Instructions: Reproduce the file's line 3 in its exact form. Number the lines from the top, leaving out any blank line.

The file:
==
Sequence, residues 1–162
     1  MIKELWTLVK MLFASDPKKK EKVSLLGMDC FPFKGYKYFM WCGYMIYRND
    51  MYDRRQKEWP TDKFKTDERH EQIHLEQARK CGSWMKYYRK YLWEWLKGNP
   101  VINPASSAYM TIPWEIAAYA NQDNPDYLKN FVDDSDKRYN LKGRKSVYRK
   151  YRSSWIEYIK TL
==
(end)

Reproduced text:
    51  MYDRRQKEWP TDKFKTDERH EQIHLEQARK CGSWMKYYRK YLWEWLKGNP